|Publication number||US6928783 B2|
|Application number||US 10/607,965|
|Publication date||Aug 16, 2005|
|Filing date||Jun 27, 2003|
|Priority date||Jun 27, 2003|
|Also published as||US20040261330|
|Publication number||10607965, 607965, US 6928783 B2, US 6928783B2, US-B2-6928783, US6928783 B2, US6928783B2|
|Inventors||James Oliver, Evon Oliver, Scott E. Oliver, Daniel L. Oliver, John A. Oliver|
|Original Assignee||James Oliver, Evon Oliver, Scott E. Oliver, Daniel L. Oliver, John A. Oliver|
|Export Citation||BiBTeX, EndNote, RefMan|
|Patent Citations (14), Referenced by (9), Classifications (10), Legal Events (3)|
|External Links: USPTO, USPTO Assignment, Espacenet|
This invention relates in general to frame clamps for ground anchors for manufactured homes, and more specifically involves a frame clamp that aligns to an anchor strap that is non-perpendicular to the frame.
Manufactured homes, such as mobile homes, trailers, and prefabricated homes are manufactured at a central manufacturing site and moved to the desired location where they are to be used. A typical manufactured home has a frame comprising a pair of longitudinal support beams that are supported at a height above the ground to allow for ventilation and crawl space. Typically the supports include piers such as concrete blocks, pilings, or stabilizing jacks.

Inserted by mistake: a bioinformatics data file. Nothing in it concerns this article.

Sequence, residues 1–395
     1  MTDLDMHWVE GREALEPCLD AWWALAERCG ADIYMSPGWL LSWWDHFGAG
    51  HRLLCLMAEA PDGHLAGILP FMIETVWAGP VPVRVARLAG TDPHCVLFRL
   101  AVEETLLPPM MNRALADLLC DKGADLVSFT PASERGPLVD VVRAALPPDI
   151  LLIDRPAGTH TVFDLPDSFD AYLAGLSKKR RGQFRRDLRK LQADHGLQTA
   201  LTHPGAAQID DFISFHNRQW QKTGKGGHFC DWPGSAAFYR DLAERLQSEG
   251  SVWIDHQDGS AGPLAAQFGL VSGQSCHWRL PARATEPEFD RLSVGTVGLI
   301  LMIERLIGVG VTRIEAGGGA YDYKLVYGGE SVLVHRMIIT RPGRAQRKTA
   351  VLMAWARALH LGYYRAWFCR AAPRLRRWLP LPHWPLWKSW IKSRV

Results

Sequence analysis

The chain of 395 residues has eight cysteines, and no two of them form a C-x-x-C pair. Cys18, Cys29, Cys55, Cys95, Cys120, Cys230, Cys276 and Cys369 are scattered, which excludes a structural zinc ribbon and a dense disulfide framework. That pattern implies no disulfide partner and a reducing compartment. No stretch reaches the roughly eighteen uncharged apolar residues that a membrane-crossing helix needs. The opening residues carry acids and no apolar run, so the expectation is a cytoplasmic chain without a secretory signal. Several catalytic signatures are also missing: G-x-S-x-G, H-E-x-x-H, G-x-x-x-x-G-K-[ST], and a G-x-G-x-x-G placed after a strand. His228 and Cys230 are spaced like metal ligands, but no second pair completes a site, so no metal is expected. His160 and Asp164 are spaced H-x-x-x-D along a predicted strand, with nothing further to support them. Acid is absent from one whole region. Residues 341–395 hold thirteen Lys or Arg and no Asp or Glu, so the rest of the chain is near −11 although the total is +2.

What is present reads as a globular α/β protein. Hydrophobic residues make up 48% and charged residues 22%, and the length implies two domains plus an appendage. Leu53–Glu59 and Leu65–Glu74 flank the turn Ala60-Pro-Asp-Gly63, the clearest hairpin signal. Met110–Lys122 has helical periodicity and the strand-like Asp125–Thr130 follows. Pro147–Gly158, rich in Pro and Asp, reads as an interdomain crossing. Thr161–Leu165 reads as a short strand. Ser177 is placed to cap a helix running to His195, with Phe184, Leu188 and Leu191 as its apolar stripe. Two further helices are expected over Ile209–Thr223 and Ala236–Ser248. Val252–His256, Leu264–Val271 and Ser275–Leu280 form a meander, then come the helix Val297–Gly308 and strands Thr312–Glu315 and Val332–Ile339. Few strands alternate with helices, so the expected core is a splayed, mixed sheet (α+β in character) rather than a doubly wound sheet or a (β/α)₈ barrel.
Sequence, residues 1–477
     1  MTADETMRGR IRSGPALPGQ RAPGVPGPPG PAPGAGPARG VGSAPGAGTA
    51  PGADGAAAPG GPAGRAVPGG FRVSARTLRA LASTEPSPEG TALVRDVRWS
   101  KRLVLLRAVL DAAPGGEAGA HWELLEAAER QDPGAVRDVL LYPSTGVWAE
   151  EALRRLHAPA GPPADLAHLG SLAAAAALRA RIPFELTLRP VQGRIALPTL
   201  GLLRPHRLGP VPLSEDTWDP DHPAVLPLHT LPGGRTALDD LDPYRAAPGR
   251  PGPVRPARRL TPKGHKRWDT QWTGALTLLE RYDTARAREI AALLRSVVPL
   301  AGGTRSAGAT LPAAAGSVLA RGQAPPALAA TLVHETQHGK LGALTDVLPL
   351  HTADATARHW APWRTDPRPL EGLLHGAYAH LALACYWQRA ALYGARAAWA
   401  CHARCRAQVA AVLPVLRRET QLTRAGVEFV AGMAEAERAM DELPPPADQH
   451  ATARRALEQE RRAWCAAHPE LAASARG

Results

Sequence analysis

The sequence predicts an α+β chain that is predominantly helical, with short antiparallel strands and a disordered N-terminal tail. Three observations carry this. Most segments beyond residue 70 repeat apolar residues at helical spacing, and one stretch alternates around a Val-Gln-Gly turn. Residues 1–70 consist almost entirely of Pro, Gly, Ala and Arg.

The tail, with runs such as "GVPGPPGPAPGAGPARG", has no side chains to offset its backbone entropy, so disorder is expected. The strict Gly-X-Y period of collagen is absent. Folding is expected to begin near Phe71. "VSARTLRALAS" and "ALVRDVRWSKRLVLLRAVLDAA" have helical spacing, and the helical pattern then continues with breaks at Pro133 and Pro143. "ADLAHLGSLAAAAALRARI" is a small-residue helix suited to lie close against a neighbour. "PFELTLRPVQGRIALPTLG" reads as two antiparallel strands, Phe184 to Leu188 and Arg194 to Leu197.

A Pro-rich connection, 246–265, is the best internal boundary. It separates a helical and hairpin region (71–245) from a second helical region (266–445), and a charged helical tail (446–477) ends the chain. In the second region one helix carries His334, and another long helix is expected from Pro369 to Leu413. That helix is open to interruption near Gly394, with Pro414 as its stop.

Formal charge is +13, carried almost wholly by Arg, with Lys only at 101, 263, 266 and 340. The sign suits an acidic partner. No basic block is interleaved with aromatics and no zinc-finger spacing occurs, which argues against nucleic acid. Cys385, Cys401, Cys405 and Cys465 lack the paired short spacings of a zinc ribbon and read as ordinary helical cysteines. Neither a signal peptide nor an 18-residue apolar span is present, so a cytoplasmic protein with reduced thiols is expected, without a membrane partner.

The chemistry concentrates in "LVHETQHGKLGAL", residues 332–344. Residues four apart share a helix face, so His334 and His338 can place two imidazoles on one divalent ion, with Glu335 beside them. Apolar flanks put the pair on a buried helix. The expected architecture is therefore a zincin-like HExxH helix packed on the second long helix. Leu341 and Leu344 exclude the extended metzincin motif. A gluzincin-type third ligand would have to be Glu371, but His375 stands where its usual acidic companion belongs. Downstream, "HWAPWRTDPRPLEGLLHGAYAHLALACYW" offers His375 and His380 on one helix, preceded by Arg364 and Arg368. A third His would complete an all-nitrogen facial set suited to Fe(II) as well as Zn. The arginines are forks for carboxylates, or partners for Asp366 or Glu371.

However, strong winds or earth tremors can cause the home to be toppled from supports. Due to this risk, various types of stabilizing systems have been used for stabilizing manufactured homes on their piers. In the most common system, multiple tension straps are used to tether the manufactured home to the ground. In these systems, the tension straps typically extend perpendicularly outwardly from incremental positions along the length of the manufactured home's support beams. Usually, the tension straps extend downwardly from the support beams of the manufactured home frame to ground anchors, such as an auger and shaft, that are deeply embedded into the soil. Often, the tension straps are securely connected to the beams with strap connector assemblies that clamp or latch onto the support beams. Typically, a beam clamp includes a hook which receives an upper flange of the support beam. The tension straps usually are threaded through a strap slot formed in the clamp member. These strap slots normally are configured so as to be parallel to the hook and the longitudinal direction of the manufactured home, such that the tension straps can be positioned substantially perpendicularly to the longitudinal direction of the manufactured home.